The hacker was convicted in April 2014 for computer fraud, among other charges. He allegedly covertly installed software on other people’s computers to mine bitcoin, which he kept for himself. He was sentenced to more than two years in prison.
A Pennsylvania family has filed a lawsuit against the Drug Enforcement Agency (DEA) after the agency seized $82,373 in cash at Pittsburgh airport because it considers large amounts of cash to be “suspicious.”
The money, which was stored in a Tupperware container, was Terrence Rolin’s life savings. The 79-year-old retired railroad engineer was worried about keeping so much cash on hand, so he asked his daughter, Rebecca Brown, to open a joint bank account and deposit the money.
The case against Silver International has been dropped by the British Columbia Supreme Court. The company, run by Caixuan Qin and her husband Jian Jun Zhu, was being prosecuted for money-laundering. This case is being lauded as the largest money-laundering case in BC history.
Known as Operation E-Pirate, this was the pinnacle of the RCMP investigation. It was focused on illegal banking networks that linked back to organized crime units, both national and international. Continue reading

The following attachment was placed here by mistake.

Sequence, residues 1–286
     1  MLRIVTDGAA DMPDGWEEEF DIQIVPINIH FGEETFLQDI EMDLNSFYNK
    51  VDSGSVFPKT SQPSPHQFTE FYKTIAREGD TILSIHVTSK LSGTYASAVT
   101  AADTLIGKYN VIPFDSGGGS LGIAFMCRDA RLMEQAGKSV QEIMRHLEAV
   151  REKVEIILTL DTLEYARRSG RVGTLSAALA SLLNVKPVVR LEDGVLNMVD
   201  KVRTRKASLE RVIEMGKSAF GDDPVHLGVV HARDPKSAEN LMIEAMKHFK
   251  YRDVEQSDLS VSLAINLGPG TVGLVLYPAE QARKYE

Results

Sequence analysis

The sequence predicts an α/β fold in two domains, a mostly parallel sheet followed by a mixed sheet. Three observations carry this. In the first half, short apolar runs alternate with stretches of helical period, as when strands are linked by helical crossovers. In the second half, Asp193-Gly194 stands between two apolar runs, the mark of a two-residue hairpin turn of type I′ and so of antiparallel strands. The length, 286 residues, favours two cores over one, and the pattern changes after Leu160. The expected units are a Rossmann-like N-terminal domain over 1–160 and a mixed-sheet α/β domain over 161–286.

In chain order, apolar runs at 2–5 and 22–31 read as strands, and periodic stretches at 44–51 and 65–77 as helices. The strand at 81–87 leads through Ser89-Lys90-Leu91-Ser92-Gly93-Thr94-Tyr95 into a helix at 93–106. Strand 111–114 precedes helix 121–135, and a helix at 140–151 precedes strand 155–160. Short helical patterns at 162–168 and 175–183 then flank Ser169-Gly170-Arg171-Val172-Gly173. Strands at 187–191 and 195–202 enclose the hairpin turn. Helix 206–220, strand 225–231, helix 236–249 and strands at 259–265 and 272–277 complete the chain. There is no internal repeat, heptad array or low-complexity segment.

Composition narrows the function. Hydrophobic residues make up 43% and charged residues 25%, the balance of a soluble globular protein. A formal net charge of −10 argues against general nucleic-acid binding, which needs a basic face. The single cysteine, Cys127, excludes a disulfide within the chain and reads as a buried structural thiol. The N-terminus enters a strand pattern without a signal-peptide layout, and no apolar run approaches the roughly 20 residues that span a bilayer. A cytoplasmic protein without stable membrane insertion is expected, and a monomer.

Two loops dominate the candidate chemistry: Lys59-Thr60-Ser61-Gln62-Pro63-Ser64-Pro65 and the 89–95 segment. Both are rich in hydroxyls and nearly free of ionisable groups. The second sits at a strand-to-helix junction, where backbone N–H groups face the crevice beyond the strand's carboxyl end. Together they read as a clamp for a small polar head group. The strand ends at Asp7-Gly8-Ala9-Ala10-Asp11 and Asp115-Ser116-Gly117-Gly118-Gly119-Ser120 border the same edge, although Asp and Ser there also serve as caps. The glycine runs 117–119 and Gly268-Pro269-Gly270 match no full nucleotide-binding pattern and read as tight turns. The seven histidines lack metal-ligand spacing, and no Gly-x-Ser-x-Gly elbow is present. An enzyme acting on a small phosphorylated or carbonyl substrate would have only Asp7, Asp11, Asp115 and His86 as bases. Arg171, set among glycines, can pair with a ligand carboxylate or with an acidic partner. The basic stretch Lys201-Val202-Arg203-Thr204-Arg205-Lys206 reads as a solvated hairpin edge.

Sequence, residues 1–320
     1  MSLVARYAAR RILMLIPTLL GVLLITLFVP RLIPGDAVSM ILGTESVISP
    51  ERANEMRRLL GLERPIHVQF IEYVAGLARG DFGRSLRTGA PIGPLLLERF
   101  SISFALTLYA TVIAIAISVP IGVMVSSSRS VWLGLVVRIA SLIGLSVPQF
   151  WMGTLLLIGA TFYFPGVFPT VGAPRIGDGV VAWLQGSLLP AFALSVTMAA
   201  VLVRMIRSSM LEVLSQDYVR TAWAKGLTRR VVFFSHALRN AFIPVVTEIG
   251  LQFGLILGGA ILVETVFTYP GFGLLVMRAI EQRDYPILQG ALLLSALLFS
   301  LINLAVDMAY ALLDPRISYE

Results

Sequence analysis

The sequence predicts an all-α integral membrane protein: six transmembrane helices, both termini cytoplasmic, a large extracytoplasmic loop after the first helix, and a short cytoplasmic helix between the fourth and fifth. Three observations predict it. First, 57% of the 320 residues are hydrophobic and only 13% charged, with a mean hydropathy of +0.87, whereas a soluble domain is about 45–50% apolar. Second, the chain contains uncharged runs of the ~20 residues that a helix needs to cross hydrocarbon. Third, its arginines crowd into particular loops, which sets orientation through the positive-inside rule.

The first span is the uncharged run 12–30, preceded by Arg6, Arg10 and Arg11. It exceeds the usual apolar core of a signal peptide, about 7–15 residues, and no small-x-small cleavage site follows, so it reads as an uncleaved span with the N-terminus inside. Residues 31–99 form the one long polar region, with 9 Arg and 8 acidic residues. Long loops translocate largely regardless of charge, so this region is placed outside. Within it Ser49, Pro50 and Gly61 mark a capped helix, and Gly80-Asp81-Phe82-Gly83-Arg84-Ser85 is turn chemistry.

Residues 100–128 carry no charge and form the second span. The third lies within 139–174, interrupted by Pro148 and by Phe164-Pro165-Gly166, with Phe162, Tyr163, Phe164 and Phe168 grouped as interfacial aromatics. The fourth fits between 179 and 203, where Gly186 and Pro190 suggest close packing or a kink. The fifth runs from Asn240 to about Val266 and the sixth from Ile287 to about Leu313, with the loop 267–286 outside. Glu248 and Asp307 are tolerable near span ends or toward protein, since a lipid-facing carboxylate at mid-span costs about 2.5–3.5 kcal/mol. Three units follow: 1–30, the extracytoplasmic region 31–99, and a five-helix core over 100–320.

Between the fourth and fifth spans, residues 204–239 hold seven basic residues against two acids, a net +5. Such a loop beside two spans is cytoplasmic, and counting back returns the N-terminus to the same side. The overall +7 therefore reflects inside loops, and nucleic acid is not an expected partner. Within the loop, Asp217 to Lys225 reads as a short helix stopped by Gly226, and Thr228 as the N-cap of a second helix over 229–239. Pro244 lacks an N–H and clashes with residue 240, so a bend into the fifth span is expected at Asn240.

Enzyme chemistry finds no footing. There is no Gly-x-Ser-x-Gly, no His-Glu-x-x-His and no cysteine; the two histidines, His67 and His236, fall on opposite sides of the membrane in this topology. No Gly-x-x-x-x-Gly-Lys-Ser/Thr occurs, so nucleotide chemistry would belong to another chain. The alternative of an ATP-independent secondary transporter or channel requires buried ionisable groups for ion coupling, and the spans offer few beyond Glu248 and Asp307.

TSA agents at the Baltimore Washington International Airport (BWI) discovered a rocket launcher in the American Airlines baggage area on Thursday, news sources report. This was the second rocket launcher seized at the airport this week. It does not appear as though any criminal charges have been filed.
The Office of the Maryland State Fire Marshall reported that the item was discovered at around 5:20 a.m. and the bomb squad was called in immediately. Continue reading
The Alabama House last week passed SB 191, which is designed to improve transparency in civil asset forfeiture cases in the state. Having passed both houses of the legislature unanimously, the bill now moves to Governor Kay Ivey’s docket for her to approve.
Civil asset forfeiture is the legal process where police may take possession of an individual’s property—such as a car, home, or cash—if it is suspected of being involved in a crime. In most states, criminal charges are not required for property to be taken, let alone a criminal conviction.